plt.title("Histogram of Duration of Bike Rides (in Minutes)", fontsize=20, y=1.01);
```

#### Interpretation of Bike Ride Duration Histogram¶

The highest occurence of bike rides are around 7 minutes.

Most bike rides are just from 3 - 15 minutes which I consider fairly short rides. Therefore, I could theorize that bay area bike share members infrequently use these bikes for long strenous exercises riding long distances. Rather, they likely use bike rides for short distances.

The histogram illustrates positive skew. This means there's a long tail on the right side of our peak. Because of this skew, the mean ride duration is larger than the median ride duration. Below, I printed out the mean and median so we can verify that while the mean ride duration is 14.24 minutes, the median is smaller at 9.13 minutes.

```
round(df['duration_minutes'].mean(), 2)
```

```
round(df['duration_minutes'].median(), 2)
```

#### Relative Frequency Histogram¶

Previouly, our histogram showed the frequency values on the y-axis. Another version of a histogram illustrates relative frequencies on the y-axis. This is helpful for visualizing the proportion of values in a certain range.

In addition to the arguments set in the histogram above, below I set `bin`

to `27`

and `norm_hist`

to `True`

. The `norm_hist`

argument when set to `True`

shows a density rather than a count on the y-axis.

```
sns.distplot(df['duration_minutes'], bins=27, kde=False, norm_hist=True, color='b', hist_kws={"range": [0, 91]})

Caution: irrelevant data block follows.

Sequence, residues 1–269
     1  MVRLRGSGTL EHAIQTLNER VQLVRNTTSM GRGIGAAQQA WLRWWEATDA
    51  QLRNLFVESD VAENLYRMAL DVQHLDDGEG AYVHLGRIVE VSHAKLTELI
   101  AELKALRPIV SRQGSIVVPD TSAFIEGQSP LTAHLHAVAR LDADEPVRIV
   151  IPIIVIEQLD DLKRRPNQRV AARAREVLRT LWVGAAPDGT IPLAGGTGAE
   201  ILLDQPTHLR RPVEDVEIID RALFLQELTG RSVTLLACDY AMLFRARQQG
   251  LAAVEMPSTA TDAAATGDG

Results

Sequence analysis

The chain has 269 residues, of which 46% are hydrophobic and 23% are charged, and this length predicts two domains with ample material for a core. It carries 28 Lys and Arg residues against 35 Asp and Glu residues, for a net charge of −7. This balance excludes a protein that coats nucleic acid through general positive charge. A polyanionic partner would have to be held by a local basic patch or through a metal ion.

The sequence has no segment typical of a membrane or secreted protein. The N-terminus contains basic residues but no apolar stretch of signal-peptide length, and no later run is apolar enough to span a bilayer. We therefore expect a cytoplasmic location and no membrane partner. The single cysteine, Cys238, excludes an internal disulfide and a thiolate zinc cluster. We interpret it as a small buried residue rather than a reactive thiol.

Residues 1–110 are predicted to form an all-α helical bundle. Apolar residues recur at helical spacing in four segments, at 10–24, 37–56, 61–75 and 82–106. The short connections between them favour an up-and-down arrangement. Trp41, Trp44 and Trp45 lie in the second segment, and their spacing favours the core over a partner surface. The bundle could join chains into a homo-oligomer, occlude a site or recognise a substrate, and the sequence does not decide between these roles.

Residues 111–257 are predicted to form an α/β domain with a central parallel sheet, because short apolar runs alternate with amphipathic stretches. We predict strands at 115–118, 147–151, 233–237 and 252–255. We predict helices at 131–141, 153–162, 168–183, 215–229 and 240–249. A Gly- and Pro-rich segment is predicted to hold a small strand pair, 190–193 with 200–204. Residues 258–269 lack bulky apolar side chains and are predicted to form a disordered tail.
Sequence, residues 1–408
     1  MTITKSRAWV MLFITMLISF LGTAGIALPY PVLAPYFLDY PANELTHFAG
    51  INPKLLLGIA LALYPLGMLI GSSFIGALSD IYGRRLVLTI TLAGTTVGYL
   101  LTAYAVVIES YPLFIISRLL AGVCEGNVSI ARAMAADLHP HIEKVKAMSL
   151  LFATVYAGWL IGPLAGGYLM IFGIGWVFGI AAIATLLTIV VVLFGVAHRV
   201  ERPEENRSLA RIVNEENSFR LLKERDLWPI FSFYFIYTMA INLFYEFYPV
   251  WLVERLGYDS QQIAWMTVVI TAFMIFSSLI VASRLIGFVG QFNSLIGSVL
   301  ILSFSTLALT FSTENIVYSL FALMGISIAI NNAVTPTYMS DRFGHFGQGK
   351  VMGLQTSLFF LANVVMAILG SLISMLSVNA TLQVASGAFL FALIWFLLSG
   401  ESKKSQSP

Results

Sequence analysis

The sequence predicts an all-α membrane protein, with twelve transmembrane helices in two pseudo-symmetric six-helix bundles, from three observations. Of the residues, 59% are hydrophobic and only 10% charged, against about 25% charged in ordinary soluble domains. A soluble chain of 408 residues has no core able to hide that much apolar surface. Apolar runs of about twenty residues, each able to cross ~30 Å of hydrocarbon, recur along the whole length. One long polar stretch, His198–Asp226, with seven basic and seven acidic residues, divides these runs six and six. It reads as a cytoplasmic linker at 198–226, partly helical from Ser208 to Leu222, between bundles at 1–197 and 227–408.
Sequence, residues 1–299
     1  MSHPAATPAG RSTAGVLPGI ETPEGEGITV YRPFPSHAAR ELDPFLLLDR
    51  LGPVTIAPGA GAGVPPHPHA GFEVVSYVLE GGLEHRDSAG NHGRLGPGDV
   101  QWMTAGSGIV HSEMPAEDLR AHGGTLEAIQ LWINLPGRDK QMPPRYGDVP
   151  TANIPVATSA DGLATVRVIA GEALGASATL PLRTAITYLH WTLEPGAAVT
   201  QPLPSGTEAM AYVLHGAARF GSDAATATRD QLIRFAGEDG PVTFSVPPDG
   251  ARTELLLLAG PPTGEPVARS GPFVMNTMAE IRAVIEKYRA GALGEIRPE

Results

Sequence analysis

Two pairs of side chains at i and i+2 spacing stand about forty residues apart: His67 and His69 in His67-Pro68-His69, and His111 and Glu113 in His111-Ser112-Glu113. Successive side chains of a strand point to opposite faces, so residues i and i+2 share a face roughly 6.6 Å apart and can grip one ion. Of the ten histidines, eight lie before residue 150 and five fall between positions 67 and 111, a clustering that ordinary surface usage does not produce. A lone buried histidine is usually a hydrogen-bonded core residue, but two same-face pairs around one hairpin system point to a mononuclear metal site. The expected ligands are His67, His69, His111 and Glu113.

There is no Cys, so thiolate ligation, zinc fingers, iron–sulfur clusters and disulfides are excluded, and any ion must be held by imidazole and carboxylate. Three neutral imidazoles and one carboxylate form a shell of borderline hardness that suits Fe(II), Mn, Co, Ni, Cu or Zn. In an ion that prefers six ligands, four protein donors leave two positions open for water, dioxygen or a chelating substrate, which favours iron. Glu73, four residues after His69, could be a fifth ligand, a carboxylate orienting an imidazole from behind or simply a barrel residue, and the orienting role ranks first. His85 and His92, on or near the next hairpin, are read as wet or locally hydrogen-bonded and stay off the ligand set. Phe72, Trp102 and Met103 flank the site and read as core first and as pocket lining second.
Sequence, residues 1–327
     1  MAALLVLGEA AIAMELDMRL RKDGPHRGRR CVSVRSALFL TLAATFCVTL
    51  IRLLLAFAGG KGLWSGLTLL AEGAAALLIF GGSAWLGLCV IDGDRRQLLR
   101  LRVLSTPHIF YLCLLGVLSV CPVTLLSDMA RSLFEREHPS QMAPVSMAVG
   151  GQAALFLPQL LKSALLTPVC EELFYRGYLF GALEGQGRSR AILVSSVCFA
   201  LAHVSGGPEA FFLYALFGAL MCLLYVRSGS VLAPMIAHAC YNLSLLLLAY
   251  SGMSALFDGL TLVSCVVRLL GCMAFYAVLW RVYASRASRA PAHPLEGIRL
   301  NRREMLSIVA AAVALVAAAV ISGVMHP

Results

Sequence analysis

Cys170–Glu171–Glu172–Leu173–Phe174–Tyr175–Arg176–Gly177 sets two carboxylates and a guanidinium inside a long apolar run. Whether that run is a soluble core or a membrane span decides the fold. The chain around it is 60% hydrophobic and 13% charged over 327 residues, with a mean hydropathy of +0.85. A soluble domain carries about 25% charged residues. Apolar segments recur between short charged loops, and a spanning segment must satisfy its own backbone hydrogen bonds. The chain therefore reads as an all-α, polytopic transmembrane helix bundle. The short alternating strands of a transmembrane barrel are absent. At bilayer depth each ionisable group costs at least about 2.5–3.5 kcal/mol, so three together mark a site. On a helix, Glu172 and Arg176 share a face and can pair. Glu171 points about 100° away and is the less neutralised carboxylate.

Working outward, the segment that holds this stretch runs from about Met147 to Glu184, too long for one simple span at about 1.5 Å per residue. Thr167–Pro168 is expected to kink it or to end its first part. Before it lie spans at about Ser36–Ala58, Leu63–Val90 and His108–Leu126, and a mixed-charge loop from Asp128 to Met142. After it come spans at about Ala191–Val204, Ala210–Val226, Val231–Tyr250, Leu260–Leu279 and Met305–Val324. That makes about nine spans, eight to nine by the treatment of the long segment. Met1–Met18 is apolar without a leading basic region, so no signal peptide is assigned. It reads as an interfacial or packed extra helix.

plt.xlabel("ride duration [minutes]", labelpad=14)
plt.ylabel("relative frequency", labelpad=14)
plt.title("Relative Frequency Histogram of Duration of Bike Rides (in Minutes)", fontsize=20, y=1.01);
```

#### Interpretation of Bike Ride Duration Relative Frequency Histogram¶

Decreasing our bin size in this histogram to 27 increase convenience of interpretation but sacrifices some details.

I can make visual approximations now. Between a ride duration of 0 and 20 minutes there are 6 bars. Each bar covers a span of about 3.3 minutes. Therefore, approximately a proportion of 0.023 rides are between 0 and 3.3 minutes long.

### Example: Age of Bike Riders¶

I'm curious to learn about the age distribution of members of the bay area bike share program.

#### Create New Column for Age (in Years)¶

They record the birth year of members. However, it's easier to interpret the age in years rather than year of birth.

```
df['age_years'] = 2018 - df['member_birth_year']
```

#### View Descriptive Statistics on Riders' Age¶

Below, we can see 18 is the youngest rider and the oldest is 129. However, the 99th percentile is 66 years old, nearly half the age of the maximum rider.

```
df['age_years'].describe(percentiles=[.25, .5, 0.75, 0.99, 0.9999])
```

#### Plot Histogram of Age of Bike Riders¶

I limit the range of the x-axis (age) to be just 18 to 80 so we can more easily visualize the bulk of riders, and disregard the outliers well over 80.

```
df_age_members = df[df['age_years'].notnull()]['age_years']
```

```
sns.distplot(df_age_members, color='g', kde=False, hist_kws={"range": [18, 80]})
plt.title("Histogram of Age of Bike Members", fontsize=20, y=1.01)
plt.xlabel("age [years]", labelpad=14)
plt.ylabel("frequency", labelpad=14);
```

#### Interpretation of Histogram of Age of Bike Riders¶

The most frequent age group of riders is people aged 24 - 35 with a peak around 29.

Past roughly 35 years of age, as people get older, they're less likely to be a member of the bay area bike share program. However, there's still several thousand members who are 55 years or older.

There's a wide range of age of bike riders - from 18 to 60+.

This histogram is positively skewed too. There's a long tail of bins with ever-decreasing frequency that extend to the right of our peak.